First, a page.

These are the things that have died

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Status: Finished  |  Genre: Non-Fiction  |  House: Booksie Classic

Submitted: September 30, 2018

A A A | A A A

Submitted: September 30, 2018



These are the things that have died:


two small dogs, only one purebred, five

phones, three grandparents, the bedside

lamp so night came at dusk and never left,

one preschool bunny, one snowman

hot cocoa mug smashed on vinyl, our song,

four secret languages, one video game

character who fell into lava, one crappy

point-and-shoot with a spot on the lens like a bullet

wound in every picture, two family cars, the

first Harry Potter book that drowned in the bathtub,

the bathtub, one rotting hamster found

upside down with mouth strained toward a

three-weeks-empty water bottle, one blueberry bush,

one marriage, five pairs of great jeans, one

Taylor Swift CD, twenty-eight pairs of headphones

and at least a thousand hairbands, two stone age

computers, one children’s bible, the best climbing tree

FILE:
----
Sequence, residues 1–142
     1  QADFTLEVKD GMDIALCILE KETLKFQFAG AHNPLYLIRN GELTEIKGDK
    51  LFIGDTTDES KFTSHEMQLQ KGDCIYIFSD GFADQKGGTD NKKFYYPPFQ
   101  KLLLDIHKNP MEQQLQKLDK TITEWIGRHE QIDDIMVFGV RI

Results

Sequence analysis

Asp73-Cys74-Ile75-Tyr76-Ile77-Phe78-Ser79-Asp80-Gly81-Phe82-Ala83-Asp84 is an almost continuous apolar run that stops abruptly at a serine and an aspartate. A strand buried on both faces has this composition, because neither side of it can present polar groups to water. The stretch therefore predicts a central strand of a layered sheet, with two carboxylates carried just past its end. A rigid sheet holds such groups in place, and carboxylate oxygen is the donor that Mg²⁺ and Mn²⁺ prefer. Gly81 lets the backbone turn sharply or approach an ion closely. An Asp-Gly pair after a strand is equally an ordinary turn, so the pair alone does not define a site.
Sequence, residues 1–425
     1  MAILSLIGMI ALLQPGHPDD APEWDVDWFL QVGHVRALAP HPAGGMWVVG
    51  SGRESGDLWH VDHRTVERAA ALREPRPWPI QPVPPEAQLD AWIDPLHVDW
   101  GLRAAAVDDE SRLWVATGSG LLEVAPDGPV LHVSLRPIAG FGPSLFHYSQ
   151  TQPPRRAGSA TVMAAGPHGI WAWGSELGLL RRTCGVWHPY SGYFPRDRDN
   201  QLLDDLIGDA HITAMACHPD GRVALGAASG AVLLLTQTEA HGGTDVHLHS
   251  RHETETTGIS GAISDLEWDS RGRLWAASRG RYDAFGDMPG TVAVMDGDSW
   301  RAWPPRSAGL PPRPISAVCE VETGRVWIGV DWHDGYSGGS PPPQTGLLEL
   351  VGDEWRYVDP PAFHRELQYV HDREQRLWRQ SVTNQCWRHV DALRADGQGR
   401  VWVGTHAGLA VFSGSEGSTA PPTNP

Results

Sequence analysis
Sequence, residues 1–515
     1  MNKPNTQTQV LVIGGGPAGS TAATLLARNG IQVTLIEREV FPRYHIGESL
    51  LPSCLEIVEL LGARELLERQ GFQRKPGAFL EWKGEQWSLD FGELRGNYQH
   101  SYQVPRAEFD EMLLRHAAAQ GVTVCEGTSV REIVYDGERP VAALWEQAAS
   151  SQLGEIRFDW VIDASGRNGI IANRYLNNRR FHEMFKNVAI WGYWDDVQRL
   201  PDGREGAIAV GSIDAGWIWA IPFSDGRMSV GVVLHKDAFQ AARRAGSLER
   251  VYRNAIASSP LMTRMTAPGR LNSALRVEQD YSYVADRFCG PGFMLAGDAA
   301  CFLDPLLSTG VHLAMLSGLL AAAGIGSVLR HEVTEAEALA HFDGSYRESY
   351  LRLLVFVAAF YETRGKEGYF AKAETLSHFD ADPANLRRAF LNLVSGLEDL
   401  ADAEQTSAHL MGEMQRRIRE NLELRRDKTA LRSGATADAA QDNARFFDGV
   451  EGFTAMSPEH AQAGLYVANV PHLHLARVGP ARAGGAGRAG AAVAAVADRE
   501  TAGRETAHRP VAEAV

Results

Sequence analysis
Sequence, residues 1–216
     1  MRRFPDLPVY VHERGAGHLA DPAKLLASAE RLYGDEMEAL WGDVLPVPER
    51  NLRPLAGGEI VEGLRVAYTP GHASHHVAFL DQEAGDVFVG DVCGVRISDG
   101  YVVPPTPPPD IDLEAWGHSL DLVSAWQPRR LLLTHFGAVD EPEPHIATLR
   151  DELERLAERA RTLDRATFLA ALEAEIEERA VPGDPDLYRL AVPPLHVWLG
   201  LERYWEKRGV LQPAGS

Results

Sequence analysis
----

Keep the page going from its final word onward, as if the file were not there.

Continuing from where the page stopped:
in the state of Washington, six stocks of bamboo,

four novel ideas, three memory cards and

thirty-three thousand photos and the happy days

they froze in time, my father, one piano,

the last black ballpoint pen, the music,

five best friends, three single stiletto heels,

an indoor garden made entirely of fake plants,

my mother, too, and the baby in her belly with only

the stub of a thumb and a mouth that never spoke,

one dream catcher, one corsage and the matching

boutonniere, dried and kept for old time’s sake,

one empty picture frame, the poetry,

the clock stopped at 9:09, the smoke detector in the

bedroom six times, the old woman down the street,

the stoplight never fixed, two left blinkers, one

route 269 bus driver, one large television

my father bought for the eyes of the coworkers

that never showed up, one old pair of hiking boots

mud-logged from the riverbed, at least five ghost towns

on 101, the last red rose from the only bouquet ever

received, each voice that has said hello, and the bees

in the nest in the eave above my window, the last one

quivering cold on the sill, begging me to let go.


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